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In an effort to combat ignorance on the internet, welcome back to Dustloop's BlazBlue Tier List Thread! In this thread, yes, we will delve into the mysterious concept of "character strength" and what that entails!
First and foremost, the general top level Japanese consensus on character strength in BBEX with a (paraphrased) quote from Satoshi:
Okay, okay, I took like a 15 minute discussion from him and boiled it down into a two sentences. But the take home lesson is, characters do differ in strength, just not to the extent where characters can't win particular matchups. To fully understand this assessment, continue reading the next section. If you're okay with just believing me, feel free to skip down to the next post where we'll start talking about tiers for real!There aren't really any weak characters in this version. While character ranks DO exist and they can influence gameplay, in this version, it's more of what good (with regard to risk vs reward) option X can a character perform in Y situation, given that Y situation can come up a total number of Z times per round.
II. Understanding Tiers
The following is slightly WIP, I wrote this in one sitting, so it's bound to have some errors or incomplete thoughts. I'll be updating this as time goes on.
In this thread, and in this thread alone, a character strength is determined by a character's collective available options in each of the constantly shifting game states.
In BlazBlue, this is very complicated as characters have numerous particular options that can influence the game state in a way both players probably can't realize until it actually occurs. The stronger an option is, as in, the chance for it succeed versus the chance for it to fail, the better off your character is if your character has access to it. From that, you can extrapolate that the more strong options a character has in any given situation, the stronger the character is in that given situation. Thus, if a character is strong in many situations, that character is likely to be a strong character in BlazBlue.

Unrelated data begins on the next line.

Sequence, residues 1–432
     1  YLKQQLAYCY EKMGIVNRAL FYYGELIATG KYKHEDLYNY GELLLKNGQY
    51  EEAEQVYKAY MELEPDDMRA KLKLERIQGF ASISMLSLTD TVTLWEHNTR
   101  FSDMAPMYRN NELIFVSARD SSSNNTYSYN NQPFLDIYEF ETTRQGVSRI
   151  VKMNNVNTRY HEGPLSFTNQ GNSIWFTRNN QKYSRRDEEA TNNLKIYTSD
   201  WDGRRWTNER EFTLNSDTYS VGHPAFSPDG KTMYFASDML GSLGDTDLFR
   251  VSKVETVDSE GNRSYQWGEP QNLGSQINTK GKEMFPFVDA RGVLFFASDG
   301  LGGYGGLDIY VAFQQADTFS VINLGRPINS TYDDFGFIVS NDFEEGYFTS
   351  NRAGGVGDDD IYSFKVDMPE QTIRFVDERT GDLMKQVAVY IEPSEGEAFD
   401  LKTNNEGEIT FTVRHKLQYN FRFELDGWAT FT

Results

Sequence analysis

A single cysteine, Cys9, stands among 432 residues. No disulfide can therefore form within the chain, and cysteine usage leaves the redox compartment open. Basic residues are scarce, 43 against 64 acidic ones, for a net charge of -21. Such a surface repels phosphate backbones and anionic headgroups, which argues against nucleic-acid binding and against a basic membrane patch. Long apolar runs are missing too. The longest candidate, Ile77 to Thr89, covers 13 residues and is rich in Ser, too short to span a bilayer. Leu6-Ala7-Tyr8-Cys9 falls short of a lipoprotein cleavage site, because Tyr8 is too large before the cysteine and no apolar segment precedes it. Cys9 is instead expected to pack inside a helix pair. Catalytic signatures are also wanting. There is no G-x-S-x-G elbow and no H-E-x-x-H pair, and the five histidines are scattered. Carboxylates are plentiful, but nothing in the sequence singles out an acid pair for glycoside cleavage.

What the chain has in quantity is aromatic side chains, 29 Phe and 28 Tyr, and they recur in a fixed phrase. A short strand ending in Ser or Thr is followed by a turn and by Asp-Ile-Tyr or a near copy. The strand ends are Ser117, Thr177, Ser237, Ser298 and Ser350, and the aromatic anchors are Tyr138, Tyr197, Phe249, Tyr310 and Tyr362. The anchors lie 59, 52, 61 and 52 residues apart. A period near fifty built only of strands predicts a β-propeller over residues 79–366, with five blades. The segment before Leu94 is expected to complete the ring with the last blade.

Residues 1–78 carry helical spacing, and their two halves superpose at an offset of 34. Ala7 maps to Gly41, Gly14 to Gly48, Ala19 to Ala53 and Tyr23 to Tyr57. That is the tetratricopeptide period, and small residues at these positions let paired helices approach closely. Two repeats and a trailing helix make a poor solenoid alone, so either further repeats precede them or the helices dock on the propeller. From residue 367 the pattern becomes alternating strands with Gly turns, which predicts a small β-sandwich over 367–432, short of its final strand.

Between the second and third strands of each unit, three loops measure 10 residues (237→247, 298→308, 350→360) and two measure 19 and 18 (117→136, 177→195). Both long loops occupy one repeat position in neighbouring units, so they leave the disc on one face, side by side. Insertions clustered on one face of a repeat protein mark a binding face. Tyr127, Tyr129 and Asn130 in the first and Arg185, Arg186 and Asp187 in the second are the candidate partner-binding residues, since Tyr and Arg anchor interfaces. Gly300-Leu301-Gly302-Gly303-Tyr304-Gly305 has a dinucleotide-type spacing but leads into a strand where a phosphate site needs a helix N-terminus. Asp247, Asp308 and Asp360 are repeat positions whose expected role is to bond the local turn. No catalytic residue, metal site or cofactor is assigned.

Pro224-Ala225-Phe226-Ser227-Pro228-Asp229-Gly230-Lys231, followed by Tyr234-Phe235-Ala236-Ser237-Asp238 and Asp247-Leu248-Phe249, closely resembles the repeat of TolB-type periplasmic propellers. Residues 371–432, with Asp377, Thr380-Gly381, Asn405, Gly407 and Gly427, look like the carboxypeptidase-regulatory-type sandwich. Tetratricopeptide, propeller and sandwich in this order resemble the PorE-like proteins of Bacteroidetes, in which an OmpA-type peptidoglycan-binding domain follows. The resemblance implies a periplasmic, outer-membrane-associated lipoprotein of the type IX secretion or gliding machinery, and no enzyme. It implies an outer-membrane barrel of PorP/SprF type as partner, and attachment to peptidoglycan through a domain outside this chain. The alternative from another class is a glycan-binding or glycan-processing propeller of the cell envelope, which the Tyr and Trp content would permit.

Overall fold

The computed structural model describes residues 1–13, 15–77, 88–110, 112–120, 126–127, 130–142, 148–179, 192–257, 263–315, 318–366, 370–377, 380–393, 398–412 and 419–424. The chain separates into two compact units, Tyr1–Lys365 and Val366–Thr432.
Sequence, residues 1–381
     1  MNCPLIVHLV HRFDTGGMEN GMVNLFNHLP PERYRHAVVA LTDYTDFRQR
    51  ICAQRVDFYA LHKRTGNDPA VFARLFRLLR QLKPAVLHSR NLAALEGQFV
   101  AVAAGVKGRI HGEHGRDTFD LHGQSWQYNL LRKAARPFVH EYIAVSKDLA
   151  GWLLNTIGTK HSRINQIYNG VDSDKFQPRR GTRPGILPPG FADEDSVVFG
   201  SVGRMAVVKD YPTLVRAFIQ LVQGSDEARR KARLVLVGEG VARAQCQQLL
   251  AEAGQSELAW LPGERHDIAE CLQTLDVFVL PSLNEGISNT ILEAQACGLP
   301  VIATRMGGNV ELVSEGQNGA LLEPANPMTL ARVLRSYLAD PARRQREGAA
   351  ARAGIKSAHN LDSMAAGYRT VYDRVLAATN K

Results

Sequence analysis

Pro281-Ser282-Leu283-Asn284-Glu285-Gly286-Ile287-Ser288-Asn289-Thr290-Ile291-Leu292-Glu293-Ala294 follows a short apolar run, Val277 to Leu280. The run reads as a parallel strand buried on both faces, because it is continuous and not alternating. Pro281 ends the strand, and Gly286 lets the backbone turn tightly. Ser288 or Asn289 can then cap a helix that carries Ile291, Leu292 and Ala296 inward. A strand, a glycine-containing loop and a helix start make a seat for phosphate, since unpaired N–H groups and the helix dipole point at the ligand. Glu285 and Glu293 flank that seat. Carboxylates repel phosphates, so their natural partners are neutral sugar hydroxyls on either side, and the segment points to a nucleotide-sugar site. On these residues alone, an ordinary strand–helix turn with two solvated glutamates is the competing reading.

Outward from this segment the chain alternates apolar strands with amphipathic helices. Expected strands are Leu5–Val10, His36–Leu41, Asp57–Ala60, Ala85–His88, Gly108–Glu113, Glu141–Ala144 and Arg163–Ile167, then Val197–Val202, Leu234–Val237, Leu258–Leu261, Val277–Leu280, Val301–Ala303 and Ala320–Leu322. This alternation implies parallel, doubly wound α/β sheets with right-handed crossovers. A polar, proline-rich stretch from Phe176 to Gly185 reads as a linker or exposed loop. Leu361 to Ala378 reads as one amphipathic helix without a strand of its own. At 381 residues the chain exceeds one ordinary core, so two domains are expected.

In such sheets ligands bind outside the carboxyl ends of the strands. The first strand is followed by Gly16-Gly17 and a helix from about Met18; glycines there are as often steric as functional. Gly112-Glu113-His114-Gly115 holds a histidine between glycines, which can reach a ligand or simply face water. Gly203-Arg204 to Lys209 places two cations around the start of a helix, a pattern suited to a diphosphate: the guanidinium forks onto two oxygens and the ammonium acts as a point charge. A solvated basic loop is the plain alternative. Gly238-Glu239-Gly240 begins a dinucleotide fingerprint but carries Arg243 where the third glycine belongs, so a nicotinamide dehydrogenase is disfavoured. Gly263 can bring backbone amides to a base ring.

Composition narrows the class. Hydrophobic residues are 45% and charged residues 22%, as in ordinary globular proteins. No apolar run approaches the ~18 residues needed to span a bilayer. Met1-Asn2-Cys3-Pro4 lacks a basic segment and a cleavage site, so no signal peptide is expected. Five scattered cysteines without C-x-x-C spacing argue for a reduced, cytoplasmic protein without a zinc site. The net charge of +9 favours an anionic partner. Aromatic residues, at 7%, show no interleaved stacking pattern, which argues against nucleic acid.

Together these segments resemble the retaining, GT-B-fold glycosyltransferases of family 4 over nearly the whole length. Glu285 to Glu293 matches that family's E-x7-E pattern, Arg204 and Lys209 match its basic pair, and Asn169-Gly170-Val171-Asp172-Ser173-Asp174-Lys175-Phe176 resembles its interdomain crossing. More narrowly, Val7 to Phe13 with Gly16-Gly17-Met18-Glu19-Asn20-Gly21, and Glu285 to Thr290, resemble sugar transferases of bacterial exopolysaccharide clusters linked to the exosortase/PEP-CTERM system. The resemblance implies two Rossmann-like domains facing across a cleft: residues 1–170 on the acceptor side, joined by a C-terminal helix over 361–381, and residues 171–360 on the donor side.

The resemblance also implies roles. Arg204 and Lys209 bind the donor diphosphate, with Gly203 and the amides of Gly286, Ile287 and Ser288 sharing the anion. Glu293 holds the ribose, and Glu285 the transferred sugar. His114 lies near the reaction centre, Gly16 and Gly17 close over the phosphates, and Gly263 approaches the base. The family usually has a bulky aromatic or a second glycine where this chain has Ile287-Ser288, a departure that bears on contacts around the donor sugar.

Let's think about this in terms of Rock-Paper-Scissors. Character A can use Rock, Paper, and Scissors. Character B can use Rock, Paper, and Rock(2). In our model game of Rock-Paper-Scissors, it only has a single game state, which is where both players have made their choice and thrown Rock, Paper, or Scissors. Of course, Rock beats Scissors, Paper beats Rock, and Scissors beats Paper.
In this model, Character A has more options that do different things, and given the game state situations that could possible occur versus Character B, the Paper option has a good chance of succeeding, and absolutely no chance of losing. Between the two characters A and B, because Character A has more options, we may draw the conclusion that Character A is the stronger one, given he has more strong options in the same situations.
Of course, in this model, because Character B has access to both Rock and Paper, he can actually still win as much as Character A. How can he do so? Well, that's something that will go unsaid for the time being, but it's extremely obvious, so please think about it on your own time for the time being.
The next point of particular interest is the amount of reward a character receives upon choosing a correct option. The term "reward" is extremely loosely defined, as a reward can be something simple, such as dealing damage and building heat, something complex, such as being able to make an easier choice in an upcoming situation, or often times, a combination of the two. Being rewarded is essentially the way you win a game of BlazBlue, as you must deal damage to your opponent in order to win a round. The better the reward a character gets from an option, the more useful that option is in terms of any particular game state. Thus, characters who receives high or powerful rewards from their options tend to be strong characters in BlazBlue.
Looking back to our Rock-Paper-Scissors game model, what if Character B was rewarded twice as much for winning with Rock(2) versus just Rock? Given Character B gets a higher reward for using Rock(2), he may actually gain the edge over Character A in terms of who the stronger character is, as we now have one character with higher rewards and one character with better options in the given situation.
Empirically, there is certain to be a stronger character, but no need to do all that complex numerical analysis, the only thing that's important here is that we realize that rewards matter as much as options do.
Of course, we can confound our model even more by asking the question, "What if Character B lost twice as badly for losing with Rock(2) versus just Rock?" Fighting games are complicated aren't they?
That said, this is the end of the brief explanation on character tiers and strength. After reading this short exposition, you are intelligent enough to understand the abstract mechanics behind our tier list discussion.
III. The Existence of Opinion and Need for Assessment
The "strength" of an option is never absolute, given that players are making choices with incomplete information in real time. Thus, intelligent discussion and assessment of characters is an absolute necessity in order for progress.
I'll probably write something more long winded about this in the future, but that made sense right?